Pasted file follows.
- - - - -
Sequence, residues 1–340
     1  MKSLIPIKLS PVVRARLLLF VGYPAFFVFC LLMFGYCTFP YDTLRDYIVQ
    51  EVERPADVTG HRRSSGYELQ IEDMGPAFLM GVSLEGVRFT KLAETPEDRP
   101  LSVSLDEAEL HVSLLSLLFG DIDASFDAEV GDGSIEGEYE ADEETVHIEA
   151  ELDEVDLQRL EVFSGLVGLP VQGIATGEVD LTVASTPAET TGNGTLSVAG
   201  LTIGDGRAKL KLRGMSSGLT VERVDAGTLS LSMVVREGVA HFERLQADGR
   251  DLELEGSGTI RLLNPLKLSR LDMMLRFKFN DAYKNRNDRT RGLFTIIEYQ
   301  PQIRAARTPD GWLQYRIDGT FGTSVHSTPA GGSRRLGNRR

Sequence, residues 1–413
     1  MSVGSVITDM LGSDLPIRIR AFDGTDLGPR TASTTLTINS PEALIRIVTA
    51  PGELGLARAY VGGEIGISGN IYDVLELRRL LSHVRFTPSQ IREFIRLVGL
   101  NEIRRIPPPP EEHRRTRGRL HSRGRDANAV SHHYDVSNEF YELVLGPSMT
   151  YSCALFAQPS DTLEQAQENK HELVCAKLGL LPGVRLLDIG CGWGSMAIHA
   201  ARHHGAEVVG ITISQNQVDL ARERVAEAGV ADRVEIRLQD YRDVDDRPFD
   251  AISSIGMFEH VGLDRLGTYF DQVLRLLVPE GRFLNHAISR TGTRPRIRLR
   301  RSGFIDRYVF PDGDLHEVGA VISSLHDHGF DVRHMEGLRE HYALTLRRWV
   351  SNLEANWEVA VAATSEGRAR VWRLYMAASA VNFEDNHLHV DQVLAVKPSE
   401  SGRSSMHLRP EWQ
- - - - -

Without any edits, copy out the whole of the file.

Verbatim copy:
Sequence, residues 1–340
     1  MKSLIPIKLS PVVRARLLLF VGYPAFFVFC LLMFGYCTFP YDTLRDYIVQ
    51  EVERPADVTG HRRSSGYELQ IEDMGPAFLM GVSLEGVRFT KLAETPEDRP
   101  LSVSLDEAEL HVSLLSLLFG DIDASFDAEV GDGSIEGEYE ADEETVHIEA
   151  ELDEVDLQRL EVFSGLVGLP VQGIATGEVD LTVASTPAET TGNGTLSVAG
   201  LTIGDGRAKL KLRGMSSGLT VERVDAGTLS LSMVVREGVA HFERLQADGR
   251  DLELEGSGTI RLLNPLKLSR LDMMLRFKFN DAYKNRNDRT RGLFTIIEYQ
   301  PQIRAARTPD GWLQYRIDGT FGTSVHSTPA GGSRRLGNRR

Sequence, residues 1–413
     1  MSVGSVITDM LGSDLPIRIR AFDGTDLGPR TASTTLTINS PEALIRIVTA
    51  PGELGLARAY VGGEIGISGN IYDVLELRRL LSHVRFTPSQ IREFIRLVGL
   101  NEIRRIPPPP EEHRRTRGRL HSRGRDANAV SHHYDVSNEF YELVLGPSMT
   151  YSCALFAQPS DTLEQAQENK HELVCAKLGL LPGVRLLDIG CGWGSMAIHA
   201  ARHHGAEVVG ITISQNQVDL ARERVAEAGV ADRVEIRLQD YRDVDDRPFD
   251  AISSIGMFEH VGLDRLGTYF DQVLRLLVPE GRFLNHAISR TGTRPRIRLR
   301  RSGFIDRYVF PDGDLHEVGA VISSLHDHGF DVRHMEGLRE HYALTLRRWV
   351  SNLEANWEVA VAATSEGRAR VWRLYMAASA VNFEDNHLHV DQVLAVKPSE
   401  SGRSSMHLRP EWQ